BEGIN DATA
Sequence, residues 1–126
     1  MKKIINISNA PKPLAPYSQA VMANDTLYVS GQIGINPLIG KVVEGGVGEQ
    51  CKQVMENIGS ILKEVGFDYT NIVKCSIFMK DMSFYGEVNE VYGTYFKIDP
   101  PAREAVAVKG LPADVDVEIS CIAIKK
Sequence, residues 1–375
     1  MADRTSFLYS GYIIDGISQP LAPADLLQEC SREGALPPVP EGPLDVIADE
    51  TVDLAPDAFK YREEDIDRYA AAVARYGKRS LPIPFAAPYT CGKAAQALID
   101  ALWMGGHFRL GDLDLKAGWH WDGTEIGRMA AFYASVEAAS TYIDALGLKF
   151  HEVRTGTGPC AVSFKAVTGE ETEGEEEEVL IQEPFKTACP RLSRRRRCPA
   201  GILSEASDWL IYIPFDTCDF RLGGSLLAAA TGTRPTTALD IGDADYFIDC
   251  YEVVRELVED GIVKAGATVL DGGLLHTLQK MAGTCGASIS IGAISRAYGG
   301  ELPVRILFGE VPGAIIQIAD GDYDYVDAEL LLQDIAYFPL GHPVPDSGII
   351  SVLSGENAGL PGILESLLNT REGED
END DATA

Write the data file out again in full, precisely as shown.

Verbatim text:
Sequence, residues 1–126
     1  MKKIINISNA PKPLAPYSQA VMANDTLYVS GQIGINPLIG KVVEGGVGEQ
    51  CKQVMENIGS ILKEVGFDYT NIVKCSIFMK DMSFYGEVNE VYGTYFKIDP
   101  PAREAVAVKG LPADVDVEIS CIAIKK
Sequence, residues 1–375
     1  MADRTSFLYS GYIIDGISQP LAPADLLQEC SREGALPPVP EGPLDVIADE
    51  TVDLAPDAFK YREEDIDRYA AAVARYGKRS LPIPFAAPYT CGKAAQALID
   101  ALWMGGHFRL GDLDLKAGWH WDGTEIGRMA AFYASVEAAS TYIDALGLKF
   151  HEVRTGTGPC AVSFKAVTGE ETEGEEEEVL IQEPFKTACP RLSRRRRCPA
   201  GILSEASDWL IYIPFDTCDF RLGGSLLAAA TGTRPTTALD IGDADYFIDC
   251  YEVVRELVED GIVKAGATVL DGGLLHTLQK MAGTCGASIS IGAISRAYGG
   301  ELPVRILFGE VPGAIIQIAD GDYDYVDAEL LLQDIAYFPL GHPVPDSGII
   351  SVLSGENAGL PGILESLLNT REGED